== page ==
You have to prove it. That's where you need a certified Ada validation suite from someone like NIST or BSI to prove what your compiler does (and does not) compile meets the Ada standard exactly

Do I have to say you won't find one of these on the shelves at PC World?

It's about giving the customer the certainty that the customers code will do exactly what the standard says it will do (although wheather they realize exactly what that is is another matter).

I know. It's anal, it's bureaucratic, it's slow but it's how they roll.

And honestly if you're sitting in one of those metal tubes in the sky would you really have it any other way?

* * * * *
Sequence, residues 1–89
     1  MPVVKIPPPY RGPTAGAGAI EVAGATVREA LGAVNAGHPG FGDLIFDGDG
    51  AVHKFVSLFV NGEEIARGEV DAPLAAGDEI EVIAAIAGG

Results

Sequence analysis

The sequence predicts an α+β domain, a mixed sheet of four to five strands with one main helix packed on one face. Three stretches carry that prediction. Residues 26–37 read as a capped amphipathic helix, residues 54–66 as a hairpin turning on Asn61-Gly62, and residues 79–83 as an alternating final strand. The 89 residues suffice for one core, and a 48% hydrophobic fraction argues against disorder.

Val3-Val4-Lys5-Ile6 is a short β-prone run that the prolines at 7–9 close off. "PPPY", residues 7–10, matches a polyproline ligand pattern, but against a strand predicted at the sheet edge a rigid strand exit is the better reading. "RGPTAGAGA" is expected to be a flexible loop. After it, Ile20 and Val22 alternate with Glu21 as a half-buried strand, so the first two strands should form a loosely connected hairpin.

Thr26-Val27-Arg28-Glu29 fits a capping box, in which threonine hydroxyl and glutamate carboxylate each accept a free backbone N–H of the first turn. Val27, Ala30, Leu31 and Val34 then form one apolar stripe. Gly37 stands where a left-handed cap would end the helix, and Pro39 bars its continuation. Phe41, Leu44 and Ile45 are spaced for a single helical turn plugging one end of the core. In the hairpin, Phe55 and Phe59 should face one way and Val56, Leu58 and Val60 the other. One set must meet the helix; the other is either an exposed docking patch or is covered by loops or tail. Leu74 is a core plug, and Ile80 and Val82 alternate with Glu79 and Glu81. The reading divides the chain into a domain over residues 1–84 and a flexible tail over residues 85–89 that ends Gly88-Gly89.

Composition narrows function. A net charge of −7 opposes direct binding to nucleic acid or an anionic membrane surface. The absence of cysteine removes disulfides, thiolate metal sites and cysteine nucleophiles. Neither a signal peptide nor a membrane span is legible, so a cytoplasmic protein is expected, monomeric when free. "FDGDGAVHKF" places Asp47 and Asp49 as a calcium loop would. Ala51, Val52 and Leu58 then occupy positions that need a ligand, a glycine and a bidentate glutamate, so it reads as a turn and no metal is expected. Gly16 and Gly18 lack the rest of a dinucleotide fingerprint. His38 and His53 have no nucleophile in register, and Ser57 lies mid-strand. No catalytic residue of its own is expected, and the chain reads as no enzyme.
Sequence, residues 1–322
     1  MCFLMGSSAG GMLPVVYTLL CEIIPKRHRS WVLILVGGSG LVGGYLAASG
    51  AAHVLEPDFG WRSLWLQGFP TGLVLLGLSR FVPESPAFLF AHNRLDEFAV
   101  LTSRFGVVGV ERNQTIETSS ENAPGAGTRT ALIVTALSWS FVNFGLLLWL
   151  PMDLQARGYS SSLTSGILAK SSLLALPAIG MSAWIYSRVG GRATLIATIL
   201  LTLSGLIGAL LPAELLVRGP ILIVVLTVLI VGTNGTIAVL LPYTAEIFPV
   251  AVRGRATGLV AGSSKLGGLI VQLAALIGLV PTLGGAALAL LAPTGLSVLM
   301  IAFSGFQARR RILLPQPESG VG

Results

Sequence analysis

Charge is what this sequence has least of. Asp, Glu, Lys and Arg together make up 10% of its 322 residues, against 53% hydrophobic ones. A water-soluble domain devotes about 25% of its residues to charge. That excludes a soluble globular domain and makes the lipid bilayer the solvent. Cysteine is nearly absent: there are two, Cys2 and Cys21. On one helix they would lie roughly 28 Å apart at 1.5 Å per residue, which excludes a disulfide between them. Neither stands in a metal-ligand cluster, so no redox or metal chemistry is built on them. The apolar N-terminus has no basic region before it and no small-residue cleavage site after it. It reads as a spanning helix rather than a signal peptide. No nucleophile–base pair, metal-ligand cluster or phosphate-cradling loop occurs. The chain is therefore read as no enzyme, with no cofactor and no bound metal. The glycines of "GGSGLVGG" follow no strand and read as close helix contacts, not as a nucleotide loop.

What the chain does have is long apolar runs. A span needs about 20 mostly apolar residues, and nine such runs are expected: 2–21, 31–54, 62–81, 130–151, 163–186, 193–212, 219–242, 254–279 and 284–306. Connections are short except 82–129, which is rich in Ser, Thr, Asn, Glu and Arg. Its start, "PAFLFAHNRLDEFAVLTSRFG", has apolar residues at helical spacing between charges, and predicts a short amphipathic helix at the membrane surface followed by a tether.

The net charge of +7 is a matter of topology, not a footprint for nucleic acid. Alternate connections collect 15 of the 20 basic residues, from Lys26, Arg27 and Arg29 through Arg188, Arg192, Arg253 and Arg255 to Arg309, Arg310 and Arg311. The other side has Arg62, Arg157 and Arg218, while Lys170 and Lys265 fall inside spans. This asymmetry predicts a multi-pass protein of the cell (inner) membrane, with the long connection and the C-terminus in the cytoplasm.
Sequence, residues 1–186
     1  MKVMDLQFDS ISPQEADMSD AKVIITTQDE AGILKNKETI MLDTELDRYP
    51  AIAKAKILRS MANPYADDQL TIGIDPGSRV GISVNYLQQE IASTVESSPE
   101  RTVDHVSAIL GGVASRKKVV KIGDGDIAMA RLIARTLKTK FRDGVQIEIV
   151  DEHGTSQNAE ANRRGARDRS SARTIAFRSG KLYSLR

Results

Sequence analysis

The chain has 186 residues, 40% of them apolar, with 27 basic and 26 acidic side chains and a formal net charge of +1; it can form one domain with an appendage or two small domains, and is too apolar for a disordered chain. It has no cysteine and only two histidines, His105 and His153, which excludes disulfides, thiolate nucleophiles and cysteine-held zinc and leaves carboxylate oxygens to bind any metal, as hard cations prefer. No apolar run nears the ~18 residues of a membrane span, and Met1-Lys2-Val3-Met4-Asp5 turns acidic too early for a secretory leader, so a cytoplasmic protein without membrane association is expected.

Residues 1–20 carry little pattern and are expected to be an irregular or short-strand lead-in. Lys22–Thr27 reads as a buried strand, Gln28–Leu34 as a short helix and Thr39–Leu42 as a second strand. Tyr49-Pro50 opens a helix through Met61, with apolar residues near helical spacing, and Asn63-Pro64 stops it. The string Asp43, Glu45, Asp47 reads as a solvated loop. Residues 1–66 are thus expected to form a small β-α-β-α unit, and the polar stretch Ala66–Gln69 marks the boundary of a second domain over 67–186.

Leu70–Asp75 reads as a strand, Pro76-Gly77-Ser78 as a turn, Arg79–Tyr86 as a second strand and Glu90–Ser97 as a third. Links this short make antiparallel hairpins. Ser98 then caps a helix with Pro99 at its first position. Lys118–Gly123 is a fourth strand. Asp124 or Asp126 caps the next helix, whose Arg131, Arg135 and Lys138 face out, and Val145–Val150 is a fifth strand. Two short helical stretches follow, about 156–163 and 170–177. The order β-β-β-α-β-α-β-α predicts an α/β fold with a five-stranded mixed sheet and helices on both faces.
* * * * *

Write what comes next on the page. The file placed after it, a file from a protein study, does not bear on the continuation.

2
0
John Smith 19
Gold badge
Big Brother

"Surely you mean an Extraordinary Rendition Flight."

Surely, citizen you know no such flight has ever entered UK airspace.

3
1
John Smith 19
Gold badge
Facepalm

Re: User submissions need pre-check

"It's just they're heading to somewhere different to where they said they would."

Isn't that an alarm, not a systems crash type event?

4
0
John Smith 19
Gold badge
Coat

Jovial mainframe compilers.

Looking a bit further I found IBM did supply a JOVIAL compiler under their "Type III" license.

IOW It was freeware.

No guarantee supplied. Use at owners risk.

Possibly not what you're looking for to crunch the code for you mission (and life) critical ATC app.

The commercial ones were hosted on it as cross compilers for things like the 1750A and Zilog 8002 (apparently the F16 was a design win for this puppy. Defense con-tractors. Crazy).

My recollection of JOVIAL was it was common on DEC boxes but as cross compilers to deep embedded kit.